As the first College of Nursing established in Tennessee, the UTHSC College of Nursing is leading the way in recognizing the impact of the nursing profession in the Mid-South during 2020, which has been designated as the International Year of the Nurse and Midwife by the World Health Organization (WHO).
WHO estimates that the world will need an additional nine million nurses and midwives in just 10 years to meet sustainability goals on health and well-being. Globally, nurses and midwives account for nearly 50 percent of the health care workforce. There is a shortage of health care workers worldwide, and nurses and midwives are key to filling that gap. That is one reason that WHO declared 2020 the International Year of the Nurse and Midwife. The year also coincides with the 200th anniversary of Florence Nightingale’s birth.
Nurses have been responsible for significant improvements in the lives of patients and the overall community throughout the history of the profession. A nurse was responsible for developing the crash cart used in emergency situations worldwide. And self-taught nurse Clara Barton established the American Red Cross.
During this year, the UTHSC College of Nursing will highlight how nurses change lives through exceptional community service, leading research, innovative clinical care, and excellence in education. The college will share this message in a variety of ways, including a billboard and advertisements on public radio and in business publications, as well as nursing magazines and on social media. In addition, the college will incorporate the theme of the International Year of the Nurse and Midwife into its annual celebration of nursing, the NightinGala, which will be held May 9 at the Memphis Hilton. Registration for that event is open at www.uthsc.edu/nursing/nightingala.php.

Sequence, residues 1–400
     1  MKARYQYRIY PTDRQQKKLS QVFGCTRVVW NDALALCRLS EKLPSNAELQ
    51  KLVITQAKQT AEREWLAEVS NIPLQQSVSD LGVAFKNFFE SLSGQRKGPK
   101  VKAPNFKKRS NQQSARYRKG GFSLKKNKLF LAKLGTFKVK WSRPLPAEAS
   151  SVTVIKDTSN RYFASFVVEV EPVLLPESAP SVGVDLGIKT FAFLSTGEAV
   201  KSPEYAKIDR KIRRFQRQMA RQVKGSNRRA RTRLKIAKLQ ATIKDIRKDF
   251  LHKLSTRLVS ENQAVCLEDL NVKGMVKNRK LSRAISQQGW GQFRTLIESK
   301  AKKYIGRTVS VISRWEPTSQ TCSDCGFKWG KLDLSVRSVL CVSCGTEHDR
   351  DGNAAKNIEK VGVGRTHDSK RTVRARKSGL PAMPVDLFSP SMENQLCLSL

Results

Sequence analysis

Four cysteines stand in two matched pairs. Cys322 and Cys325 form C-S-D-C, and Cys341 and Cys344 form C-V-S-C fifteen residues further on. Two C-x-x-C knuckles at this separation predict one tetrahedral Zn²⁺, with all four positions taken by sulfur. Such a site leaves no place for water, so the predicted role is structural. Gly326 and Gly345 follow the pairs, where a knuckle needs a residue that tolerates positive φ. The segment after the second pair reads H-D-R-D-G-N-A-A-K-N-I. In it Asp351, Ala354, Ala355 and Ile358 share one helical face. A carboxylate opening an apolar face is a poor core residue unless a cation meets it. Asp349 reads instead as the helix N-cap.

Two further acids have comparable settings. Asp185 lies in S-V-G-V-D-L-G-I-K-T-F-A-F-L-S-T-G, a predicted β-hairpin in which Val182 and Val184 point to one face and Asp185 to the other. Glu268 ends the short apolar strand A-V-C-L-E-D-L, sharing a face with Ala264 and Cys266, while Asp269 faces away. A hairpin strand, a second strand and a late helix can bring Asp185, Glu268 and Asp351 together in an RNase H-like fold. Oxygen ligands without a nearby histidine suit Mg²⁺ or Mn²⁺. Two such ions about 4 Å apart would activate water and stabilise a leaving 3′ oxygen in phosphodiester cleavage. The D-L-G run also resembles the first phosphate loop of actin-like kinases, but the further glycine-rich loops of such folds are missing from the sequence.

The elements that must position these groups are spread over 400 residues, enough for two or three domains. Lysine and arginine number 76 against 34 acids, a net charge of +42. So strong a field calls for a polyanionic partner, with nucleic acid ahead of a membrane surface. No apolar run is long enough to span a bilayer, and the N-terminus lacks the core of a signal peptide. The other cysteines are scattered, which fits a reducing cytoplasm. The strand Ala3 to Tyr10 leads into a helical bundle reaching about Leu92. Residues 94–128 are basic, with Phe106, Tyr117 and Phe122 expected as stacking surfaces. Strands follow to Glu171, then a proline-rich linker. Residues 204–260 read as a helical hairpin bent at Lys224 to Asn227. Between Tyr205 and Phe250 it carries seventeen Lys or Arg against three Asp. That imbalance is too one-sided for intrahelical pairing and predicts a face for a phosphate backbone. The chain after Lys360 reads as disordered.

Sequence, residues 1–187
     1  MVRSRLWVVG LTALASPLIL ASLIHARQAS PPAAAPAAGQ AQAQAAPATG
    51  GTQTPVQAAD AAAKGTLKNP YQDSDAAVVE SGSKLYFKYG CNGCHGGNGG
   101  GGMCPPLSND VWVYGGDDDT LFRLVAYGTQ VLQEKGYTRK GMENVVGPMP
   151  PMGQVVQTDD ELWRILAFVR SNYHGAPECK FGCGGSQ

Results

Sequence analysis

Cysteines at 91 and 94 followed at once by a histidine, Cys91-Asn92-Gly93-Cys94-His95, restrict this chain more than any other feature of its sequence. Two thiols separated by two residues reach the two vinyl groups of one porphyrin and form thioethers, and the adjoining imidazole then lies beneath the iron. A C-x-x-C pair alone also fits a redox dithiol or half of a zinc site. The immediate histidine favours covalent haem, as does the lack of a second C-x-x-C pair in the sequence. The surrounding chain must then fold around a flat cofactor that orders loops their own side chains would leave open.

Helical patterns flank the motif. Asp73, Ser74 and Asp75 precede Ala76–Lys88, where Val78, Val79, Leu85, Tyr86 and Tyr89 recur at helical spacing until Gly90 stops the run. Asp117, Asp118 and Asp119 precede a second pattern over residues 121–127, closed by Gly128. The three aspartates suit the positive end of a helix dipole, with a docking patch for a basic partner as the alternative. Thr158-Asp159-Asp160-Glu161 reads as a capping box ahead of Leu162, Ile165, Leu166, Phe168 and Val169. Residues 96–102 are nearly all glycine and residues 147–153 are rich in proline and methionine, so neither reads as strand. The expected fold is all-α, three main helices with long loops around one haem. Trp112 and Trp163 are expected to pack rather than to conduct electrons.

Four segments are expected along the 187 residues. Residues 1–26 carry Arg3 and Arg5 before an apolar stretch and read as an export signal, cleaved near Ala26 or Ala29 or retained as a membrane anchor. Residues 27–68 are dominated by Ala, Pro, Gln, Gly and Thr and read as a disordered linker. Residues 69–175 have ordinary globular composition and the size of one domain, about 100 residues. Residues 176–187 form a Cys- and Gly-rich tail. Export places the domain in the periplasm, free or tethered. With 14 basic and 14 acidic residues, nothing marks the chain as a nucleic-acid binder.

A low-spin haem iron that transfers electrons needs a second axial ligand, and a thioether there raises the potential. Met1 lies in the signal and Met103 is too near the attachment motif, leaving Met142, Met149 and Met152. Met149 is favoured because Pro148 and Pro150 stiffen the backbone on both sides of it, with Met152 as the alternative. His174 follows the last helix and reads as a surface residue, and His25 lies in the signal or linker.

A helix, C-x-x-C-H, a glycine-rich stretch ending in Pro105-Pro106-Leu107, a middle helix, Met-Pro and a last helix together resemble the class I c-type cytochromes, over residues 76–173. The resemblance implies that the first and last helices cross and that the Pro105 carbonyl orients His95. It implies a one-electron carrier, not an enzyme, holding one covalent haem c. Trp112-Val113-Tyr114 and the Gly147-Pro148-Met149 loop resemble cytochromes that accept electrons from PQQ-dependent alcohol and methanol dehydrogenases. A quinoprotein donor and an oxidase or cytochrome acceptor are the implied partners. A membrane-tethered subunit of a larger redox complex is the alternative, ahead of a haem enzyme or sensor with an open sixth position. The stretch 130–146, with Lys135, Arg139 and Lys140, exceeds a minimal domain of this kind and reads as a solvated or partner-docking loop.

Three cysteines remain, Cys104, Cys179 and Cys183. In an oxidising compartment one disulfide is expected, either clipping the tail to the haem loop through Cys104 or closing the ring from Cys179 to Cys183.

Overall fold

The legacy of nursing leadership at UTHSC goes back to the college’s origins. Tennessee’s “Pioneer Nurse,” Lena Clark Angevine Warner, became the first superintendent of nurses at the nursing school that opened with the new city hospital in Memphis in 1898. That nursing school was the precursor of the UTHSC School of Nursing, which began operation in June 1927. Today, the UTHSC College of Nursing is the No. 1 NIH-funded College of Nursing in Tennessee and has a top 25 doctor of nursing practice (DNP) program.
UTHSC College of Nursing graduates lead nationally and locally. Ann K. Cashion, PhD, RN, FAAN, is the past scientific director of the National Institute of Nursing Research at the National Institutes of Health. She received her PhD at UTHSC and was on the nursing faculty for 13 years. Debbie Dawson Hatmaker, PhD, RN, the chief nursing officer of the American Nurses Association Enterprise, received her BSN at UTHSC College of Nursing. Alisa Haushalter, DNP, RN, who serves as director of the Shelby County Health Department, earned her DNP degree at the UTHSC College of Nursing and serves on the faculty. Many of the college’s graduates serve as deans of nursing schools at colleges across the country, as well as Chief Nursing Officers and many other significant leadership roles.
The nursing profession makes up the highest percentage of health care workers in the health care industry. But the American Nurses Association (ANA) predicts that there will be more registered nurse jobs available through 2022 than in any other profession in the U.S.
Follow the UTHSC College of Nursing campaign recognizing the International Year of the Nurse and Midwife on Facebook, Twitter, and Instagram, using hashtags #YON2020 and #nurseschangelives.